Or, ask yourself “is it in the best interests to spend more or less time with a parent who speaks badly about the other parents?” In fact, you should ask yourself these same questions, both positive and negative, to understand how the child custody laws work in Arizona.
Laws Regarding Modification of Child Custody in Arizona
Ok, so you got over the first hurdle of establishing the original child custody orders in your case. But wait, something has changed and those orders just don’t work for some reason or another.
Well, you have the same two options you had when you were establishing the initial child custody orders. You can enter into another agreed upon Parenting Plan, pursuant to Rule 69 of the Arizona Rules of Family Law Procedure, or you go back to Court.
The Arizona Rules of Family Law Procedure and Arizona Revised Statute 25-411 are the law on modification of child custody orders. Here is what those child custody laws say about modifying a child custody order.
Child Custody Law Rule #1: You have to outline all the changes that have occurred since the last child custody order was entered.
Child Custody Law Rule #2: You have to allege and the court has to find that those allegations if proven to be true at trial, would constitute and substantial change in circumstances.
Child Custody Law Rule #3: You have to allege and the court has to find that those allegations will continue into the foreseeable future.
The law in Arizona (A.R.S. 25-411) allows a judge dismiss your request to modify child custody orders if the court reads your petition and determines that you have not complied with the legal requirements set forth in the statute cited above. You do not get a hearing – case over! You can appeal that dismissal, but that will take a long time to resolve and certainly not what you want to happen.
Child Custody Laws on Relocation of a Child
Now that we have covered the laws on modifying a child custody order in Arizona, let’s talk about one common change in circumstances that will almost always be considered a substantial and continuing change in circumstances to modify a child custody order – a parent is moving to another state.
This situation is one of the most disruptive situations to exist, but there are both good and bad reasons a parent may want to move to another state with the children.
So, we covered the best interest factors in Arizona Revised Statute Section 25-403 the court must consider determining which child custody orders will be in the best interests of the children.
When a parent seeks to relocate with the children, those statutory factors still apply. However, there is an additional child custody law that applies to relocate children more than 100 miles from their residence. Specifically, Arizona Revised Statute 25-408, known as the child custody relocation statute, adds a bunch of additional factors for a court to consider, which including the following:
- Whether the relocation is being made or opposed in good faith and not to interfere with or to frustrate the relationship between the child and the other parent or the other parent’s right of access to the child;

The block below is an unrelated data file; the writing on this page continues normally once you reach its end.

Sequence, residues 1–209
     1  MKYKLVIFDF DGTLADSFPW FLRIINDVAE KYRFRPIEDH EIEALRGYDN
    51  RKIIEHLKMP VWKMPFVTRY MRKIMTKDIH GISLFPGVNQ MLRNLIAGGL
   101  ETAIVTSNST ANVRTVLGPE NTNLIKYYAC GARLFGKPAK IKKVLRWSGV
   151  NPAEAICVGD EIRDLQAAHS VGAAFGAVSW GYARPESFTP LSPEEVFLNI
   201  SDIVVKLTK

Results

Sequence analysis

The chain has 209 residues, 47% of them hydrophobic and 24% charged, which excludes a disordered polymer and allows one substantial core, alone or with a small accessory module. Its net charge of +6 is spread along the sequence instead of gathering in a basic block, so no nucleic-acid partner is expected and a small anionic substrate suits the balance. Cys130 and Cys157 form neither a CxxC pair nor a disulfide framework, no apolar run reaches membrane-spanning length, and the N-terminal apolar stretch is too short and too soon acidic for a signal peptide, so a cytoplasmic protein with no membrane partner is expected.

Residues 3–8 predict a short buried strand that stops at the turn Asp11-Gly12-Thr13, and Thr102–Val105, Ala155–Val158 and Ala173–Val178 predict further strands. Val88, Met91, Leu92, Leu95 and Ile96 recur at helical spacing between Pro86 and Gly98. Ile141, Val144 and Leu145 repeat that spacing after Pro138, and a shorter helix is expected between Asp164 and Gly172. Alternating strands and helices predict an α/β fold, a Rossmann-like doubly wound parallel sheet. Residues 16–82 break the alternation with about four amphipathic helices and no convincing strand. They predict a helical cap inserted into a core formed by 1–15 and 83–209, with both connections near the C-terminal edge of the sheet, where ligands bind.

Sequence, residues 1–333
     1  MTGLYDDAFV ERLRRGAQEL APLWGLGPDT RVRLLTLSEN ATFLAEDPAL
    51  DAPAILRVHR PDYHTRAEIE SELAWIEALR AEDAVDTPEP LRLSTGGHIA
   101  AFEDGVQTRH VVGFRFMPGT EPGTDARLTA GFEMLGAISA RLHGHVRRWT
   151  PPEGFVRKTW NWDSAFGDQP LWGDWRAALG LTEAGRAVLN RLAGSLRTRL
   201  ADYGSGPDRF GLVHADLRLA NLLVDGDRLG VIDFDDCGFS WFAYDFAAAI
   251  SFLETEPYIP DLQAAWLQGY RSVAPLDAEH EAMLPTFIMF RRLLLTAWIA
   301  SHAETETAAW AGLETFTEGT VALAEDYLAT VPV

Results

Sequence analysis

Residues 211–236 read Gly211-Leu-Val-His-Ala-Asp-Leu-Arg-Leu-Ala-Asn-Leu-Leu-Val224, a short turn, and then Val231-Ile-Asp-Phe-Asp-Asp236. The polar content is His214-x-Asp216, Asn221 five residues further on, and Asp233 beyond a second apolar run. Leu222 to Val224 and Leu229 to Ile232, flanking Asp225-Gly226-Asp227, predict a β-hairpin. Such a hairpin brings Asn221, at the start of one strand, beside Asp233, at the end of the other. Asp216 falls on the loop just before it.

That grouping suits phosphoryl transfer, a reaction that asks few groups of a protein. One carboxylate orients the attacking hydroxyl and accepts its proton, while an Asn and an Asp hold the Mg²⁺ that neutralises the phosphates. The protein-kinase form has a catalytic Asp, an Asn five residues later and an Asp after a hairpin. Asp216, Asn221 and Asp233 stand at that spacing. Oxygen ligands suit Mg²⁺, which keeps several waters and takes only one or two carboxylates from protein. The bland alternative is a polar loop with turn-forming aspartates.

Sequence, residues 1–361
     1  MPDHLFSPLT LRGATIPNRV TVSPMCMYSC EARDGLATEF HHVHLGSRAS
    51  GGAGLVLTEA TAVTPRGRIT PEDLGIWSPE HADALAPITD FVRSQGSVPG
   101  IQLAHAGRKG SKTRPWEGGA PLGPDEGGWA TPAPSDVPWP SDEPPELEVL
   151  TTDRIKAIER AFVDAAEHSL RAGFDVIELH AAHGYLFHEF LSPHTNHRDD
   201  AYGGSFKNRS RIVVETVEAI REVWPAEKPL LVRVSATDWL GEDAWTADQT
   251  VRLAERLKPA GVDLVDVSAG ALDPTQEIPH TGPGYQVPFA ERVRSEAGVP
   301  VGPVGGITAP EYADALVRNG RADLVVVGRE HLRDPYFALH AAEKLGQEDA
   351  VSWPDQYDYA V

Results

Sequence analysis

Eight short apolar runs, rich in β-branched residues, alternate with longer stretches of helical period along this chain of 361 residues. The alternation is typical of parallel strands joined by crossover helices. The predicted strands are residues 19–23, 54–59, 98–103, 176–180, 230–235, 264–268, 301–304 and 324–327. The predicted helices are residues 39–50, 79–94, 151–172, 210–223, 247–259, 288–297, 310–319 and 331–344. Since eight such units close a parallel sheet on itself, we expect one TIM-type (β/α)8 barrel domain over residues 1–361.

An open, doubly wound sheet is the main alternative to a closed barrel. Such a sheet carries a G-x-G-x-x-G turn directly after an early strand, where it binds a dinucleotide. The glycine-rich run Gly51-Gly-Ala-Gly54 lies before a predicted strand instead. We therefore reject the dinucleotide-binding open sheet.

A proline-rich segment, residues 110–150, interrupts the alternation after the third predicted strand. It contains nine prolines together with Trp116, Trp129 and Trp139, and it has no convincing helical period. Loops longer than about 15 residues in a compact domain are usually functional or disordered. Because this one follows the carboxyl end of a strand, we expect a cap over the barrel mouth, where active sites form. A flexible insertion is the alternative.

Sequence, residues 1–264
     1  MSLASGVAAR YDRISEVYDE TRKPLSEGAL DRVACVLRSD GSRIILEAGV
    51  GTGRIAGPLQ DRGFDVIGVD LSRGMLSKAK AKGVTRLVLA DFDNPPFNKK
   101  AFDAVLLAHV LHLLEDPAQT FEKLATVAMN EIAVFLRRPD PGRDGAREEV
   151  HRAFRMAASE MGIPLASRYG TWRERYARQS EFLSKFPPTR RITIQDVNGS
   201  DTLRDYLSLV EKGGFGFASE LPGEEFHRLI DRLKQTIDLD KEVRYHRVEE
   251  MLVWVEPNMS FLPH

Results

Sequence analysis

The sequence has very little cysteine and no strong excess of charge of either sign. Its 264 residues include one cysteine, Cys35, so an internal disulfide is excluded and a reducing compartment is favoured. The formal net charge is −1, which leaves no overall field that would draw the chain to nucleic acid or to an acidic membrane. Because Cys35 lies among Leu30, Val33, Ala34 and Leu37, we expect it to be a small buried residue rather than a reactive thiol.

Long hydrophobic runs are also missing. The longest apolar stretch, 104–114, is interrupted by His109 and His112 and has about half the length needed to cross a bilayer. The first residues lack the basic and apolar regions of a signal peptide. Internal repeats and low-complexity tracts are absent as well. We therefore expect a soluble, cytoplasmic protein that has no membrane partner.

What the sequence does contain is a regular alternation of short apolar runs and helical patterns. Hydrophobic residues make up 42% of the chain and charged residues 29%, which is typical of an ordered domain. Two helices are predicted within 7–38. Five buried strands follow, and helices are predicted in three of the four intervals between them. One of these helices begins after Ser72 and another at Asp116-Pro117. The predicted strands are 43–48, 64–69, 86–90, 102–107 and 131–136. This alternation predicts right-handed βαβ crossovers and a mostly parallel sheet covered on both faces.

- The prospective advantage of the move for improving the general quality of life for the custodial parent or for the child;
- The likelihood that the parent with whom the child will reside after the relocation will comply with parenting time orders;
- Whether the relocation will allow a realistic opportunity for parenting time with each parent;
- The extent to which moving or not moving will affect the emotional, physical or developmental needs of the child;
- The motives of the parents and the validity of the reasons given for moving or opposing the move including the extent to which either parent may intend to gain a financial advantage regarding continuing child support obligations;
- The potential effect of relocation on the child’s stability;
So, that is a lot more factors to cover in a child relocation case. Child relocation cases are substantially more complicated than a regular child custody case. But, one thing remains the same. The applicable laws require that the court weighs all of these factors to determine if it will be in the children’s best interests to relocate to another state and, if so, the best long-distance parenting time schedule for the children and the other parent.
Child Custody Laws on Enforcing a Child Custody Order
So, you have gone through all the hard work of securing a child custody order, you have followed all the child custody laws, and . . . the other parent is violating the orders you worked so hard to secure. The good news is that child custody laws found in the Arizona Rules of Family Law Procedure allow you to file to enforce those child custody orders.
You may also elect to argue the other parent’s refusal to comply with the orders is a substantial and continuing change in circumstances. So, Arizona laws allow you to either enforce a child custody order or modify a child custody order if the other parent is violating your court orders.
Call the experienced Scottsdale and Phoenix Arizona child custody attorneys at (480)305-8300 at Hildebrand Law, PC to learn more about adopting a child in Arizona.
Chris Hildebrand wrote this article about child custody in Arizona to ensure everyone has access to information about child custody laws in Arizona. Chris is a family law attorney at Hildebrand Law, PC. He has over 24 years of Arizona family law experience and has received multiple awards, including US News and World Report “Top Arizona Divorce Attorneys”, Phoenix Magazine “Top Divorce Law Firms”, and Arizona Foothills Magazine “Best of the Valley” award. He believes the policies and procedures he uses to get his clients through a child custody case should all be guided by the principles of honesty, integrity, and actually caring about what his clients are going through.
As Seen on CBS News, ABC News, NBC News, and Fox News